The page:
Author: Ren Haining
Not long ago, we received a message in our private messaging platform:
“Hey, Sungob dad, I just bought an electric car for more than 200,000 yuan. The salesperson told me that this car is so intelligent and uses some kind of chip and has so many sensing hardware, but it seems to be only slightly better than my previous car, with just an on-board navigation function. Is it just because I don’t know how to use it?”
Honestly, I thought about this question for a long time. It embodies an interesting paradox:
On the one hand, the industry has already fully recognized the view that “intelligence will become the decisive factor for new energy vehicles.” But on the other hand, it seems that, as in the case of this user’s message, apart from the very basic functions like music, telephone, and navigation, users are not very aware of “intelligence”.
The terms we often say, such as “large computing platforms, 8155 chips, lidars…” and so on, seem to lack the kind of experience impact that can be felt immediately, especially when you put yourself in the user’s perspective.
So, at the time, this user’s question really puzzled me.
I didn’t reply immediately and continued to test and study cars, as well as participated in some activities and communications with car companies. And in every conversation, I threw this user’s question to the car companies’ colleagues.
The answers I got were similar: things like “users haven’t developed related habits yet,” “many cars have poor underlying architecture,” and “the current car machine functions are not perfect,” etc.
However, the answer from one car company impressed me and resolved some of my doubts. In the view of this car company, the phenomenon of user complaints behind the so-called “intelligence” is actually a logical problem in the definition of the car company’s products:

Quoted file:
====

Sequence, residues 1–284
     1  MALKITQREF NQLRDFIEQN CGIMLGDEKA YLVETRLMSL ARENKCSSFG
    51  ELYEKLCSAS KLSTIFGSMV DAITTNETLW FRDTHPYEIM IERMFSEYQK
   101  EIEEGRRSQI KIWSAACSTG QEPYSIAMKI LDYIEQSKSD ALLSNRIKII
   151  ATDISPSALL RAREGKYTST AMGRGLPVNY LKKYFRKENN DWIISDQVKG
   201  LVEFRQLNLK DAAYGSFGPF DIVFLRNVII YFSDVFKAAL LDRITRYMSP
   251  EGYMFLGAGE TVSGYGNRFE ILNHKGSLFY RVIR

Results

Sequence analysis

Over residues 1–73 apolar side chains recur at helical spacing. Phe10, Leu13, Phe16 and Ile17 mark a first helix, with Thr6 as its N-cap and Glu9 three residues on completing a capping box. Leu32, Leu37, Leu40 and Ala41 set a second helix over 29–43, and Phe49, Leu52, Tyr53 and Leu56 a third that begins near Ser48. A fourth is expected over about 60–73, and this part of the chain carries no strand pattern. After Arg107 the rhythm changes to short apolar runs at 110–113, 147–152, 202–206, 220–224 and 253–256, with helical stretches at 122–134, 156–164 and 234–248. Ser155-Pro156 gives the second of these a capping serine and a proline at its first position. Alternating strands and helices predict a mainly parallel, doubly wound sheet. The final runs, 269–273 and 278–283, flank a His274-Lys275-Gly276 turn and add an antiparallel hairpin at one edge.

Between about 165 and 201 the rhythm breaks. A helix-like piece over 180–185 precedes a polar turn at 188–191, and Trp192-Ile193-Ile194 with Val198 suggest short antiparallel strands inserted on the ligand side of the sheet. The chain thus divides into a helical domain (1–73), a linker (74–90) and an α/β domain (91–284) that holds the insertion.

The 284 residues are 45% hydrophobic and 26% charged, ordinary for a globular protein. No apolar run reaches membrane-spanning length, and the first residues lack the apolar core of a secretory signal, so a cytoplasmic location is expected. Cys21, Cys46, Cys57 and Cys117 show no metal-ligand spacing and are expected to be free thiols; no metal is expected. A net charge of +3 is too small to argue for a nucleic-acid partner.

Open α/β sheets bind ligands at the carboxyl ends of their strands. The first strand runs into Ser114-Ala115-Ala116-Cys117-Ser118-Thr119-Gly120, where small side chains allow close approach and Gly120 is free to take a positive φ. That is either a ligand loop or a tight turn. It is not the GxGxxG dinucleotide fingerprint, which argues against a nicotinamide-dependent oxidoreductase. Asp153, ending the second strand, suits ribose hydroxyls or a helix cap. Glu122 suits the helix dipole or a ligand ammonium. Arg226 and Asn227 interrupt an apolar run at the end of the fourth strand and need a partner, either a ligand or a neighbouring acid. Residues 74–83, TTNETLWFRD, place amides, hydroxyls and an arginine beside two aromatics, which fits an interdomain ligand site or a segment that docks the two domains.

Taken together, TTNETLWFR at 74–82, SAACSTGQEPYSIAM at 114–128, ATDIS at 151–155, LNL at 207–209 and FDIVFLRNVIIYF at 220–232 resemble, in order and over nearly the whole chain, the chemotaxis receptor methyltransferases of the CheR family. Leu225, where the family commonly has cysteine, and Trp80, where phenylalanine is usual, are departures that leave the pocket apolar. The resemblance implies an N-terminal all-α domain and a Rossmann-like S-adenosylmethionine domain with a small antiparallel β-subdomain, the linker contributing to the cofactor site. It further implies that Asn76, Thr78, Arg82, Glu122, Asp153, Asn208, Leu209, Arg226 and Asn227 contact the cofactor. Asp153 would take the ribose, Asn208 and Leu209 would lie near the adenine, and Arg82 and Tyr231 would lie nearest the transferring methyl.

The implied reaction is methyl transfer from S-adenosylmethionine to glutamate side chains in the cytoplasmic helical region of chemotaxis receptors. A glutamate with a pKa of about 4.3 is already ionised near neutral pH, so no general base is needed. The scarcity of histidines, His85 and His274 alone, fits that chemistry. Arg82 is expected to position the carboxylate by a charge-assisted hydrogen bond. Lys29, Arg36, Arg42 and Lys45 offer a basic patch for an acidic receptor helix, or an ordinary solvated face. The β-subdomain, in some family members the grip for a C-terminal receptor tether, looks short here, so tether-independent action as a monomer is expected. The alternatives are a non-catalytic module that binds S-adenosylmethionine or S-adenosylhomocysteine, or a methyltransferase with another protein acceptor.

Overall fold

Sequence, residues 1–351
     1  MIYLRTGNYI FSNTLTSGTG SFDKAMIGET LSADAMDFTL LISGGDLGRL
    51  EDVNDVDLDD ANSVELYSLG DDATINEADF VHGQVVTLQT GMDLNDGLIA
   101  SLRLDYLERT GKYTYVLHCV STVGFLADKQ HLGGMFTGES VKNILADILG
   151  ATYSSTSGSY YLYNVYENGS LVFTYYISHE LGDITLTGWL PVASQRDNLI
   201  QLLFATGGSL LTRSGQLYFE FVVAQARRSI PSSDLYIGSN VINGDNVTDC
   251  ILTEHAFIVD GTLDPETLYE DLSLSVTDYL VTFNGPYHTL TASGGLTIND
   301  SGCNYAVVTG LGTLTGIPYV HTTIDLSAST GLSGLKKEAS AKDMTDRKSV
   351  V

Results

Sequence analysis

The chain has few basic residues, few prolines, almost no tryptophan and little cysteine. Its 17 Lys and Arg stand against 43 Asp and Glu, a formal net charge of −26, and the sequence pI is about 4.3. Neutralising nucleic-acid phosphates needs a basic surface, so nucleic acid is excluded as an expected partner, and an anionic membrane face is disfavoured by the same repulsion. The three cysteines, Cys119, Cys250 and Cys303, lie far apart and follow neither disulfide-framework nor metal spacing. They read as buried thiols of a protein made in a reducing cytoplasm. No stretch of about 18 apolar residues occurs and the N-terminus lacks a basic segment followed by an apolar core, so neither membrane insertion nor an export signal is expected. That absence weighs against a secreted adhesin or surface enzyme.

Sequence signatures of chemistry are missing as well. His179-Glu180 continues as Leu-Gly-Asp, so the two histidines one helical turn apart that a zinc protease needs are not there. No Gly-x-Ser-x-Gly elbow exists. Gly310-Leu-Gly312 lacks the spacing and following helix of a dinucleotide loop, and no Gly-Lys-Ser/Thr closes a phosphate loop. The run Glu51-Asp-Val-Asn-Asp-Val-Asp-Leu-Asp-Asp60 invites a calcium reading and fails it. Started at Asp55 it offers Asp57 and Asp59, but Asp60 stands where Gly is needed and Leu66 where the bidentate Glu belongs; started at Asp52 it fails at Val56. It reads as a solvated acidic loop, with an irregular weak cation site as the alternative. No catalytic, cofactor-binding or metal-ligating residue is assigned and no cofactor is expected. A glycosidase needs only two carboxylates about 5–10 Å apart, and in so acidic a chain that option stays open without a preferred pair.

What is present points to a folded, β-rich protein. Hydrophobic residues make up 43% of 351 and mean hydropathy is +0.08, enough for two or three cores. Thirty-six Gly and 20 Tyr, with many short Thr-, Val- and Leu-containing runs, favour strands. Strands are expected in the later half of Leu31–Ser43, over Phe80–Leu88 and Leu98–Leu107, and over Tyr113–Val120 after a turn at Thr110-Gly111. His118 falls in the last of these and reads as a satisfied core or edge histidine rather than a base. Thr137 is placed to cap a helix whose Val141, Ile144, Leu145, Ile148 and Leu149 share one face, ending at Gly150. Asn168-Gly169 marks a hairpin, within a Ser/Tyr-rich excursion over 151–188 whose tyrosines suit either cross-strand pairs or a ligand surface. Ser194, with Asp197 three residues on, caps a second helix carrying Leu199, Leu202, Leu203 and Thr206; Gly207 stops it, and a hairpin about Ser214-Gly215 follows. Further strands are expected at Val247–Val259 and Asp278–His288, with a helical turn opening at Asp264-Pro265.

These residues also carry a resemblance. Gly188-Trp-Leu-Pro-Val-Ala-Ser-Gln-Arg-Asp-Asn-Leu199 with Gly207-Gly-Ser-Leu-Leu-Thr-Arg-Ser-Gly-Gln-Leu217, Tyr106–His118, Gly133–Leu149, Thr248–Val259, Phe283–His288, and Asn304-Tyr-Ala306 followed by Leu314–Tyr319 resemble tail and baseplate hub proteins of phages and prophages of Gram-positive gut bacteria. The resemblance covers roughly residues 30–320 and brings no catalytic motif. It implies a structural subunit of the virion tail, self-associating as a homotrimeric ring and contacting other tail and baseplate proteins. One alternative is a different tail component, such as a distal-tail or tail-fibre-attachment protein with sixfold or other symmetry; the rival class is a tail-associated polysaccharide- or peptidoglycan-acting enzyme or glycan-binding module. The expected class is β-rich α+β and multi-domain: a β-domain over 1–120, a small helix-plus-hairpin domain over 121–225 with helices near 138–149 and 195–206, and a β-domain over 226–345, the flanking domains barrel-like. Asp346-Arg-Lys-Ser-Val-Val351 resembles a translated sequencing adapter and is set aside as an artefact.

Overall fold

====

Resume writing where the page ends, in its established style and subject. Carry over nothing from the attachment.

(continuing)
What is called “intelligence”:
Is it “smart for the sake of sounding smart”?
Or is it “smart for the sake of being useful”?
If it is clear to choose the latter, then it must be goal-oriented, and this “goal” is precisely the functional experience that users can perceive.
The car company that articulated this view was GAC New Energy Automobile Co., Ltd. The support behind this view is also very convincing.
Friends who are familiar with GAC New Energy Automobile know that they are the luxury intelligent pure electric brand under Guangzhou Automobile Group Co., Ltd.
Not long ago, GAC New Energy Automobile officially launched a brand evolution plan. It was during this opportunity that I chatted with their colleagues.
Honestly, if you only look at the above views about pursuing “results” and “user-orientation”, although some car companies express it less clearly, they are also similar. However, the reason why I was impressed by GAC’s point of view is that they stood up to my questioning:
“Can you be specific about what intelligent functions you have actually implemented?”
Highly’s colleague told me four words: Scene Cards.
It’s a fascinating feature and users can use it directly on Highly’s HiPhi X model.
The official introduction is as follows: “This is the world’s first vehicle intelligent application graphical development tool – HiPhi Play (formerly known as Geekworld), which allows users to easily combine functions and quickly develop, deploy and share smart applications, break through the barriers of automotive hardware, create customizable scene cards, and create a custom driving experience for thousands of people.”
At first glance, it may seem a bit confusing and unclear, but as soon as you have a chance to drive the Highly HiPhi X, you can quickly perceive this feature, as it is interspersed in many scenes during our driving process.
For example: the nap mode.
Many users like to take a nap in the car at noon, which is much more comfortable than sleeping on the desk in the office. For cars with more complete functions, users can simply adjust the seats and lie down to rest. However, there is a problem here. The reclining angle of the seats is different for each user’s habits, so we can only adjust manually each time, which is very troublesome and inconvenient.
But with the Scene Cards feature on the Highly HiPhi X, the same scenario changes.
Because the Scene Cards feature allows users to define and combine various vehicle functions according to their preferences, we can completely set up a “nap mode” based on our nap habits. For example, I can set up a favorite seat reclining angle, my preferred air conditioning temperature and the songs to play, and even adjust the car window settings to my liking.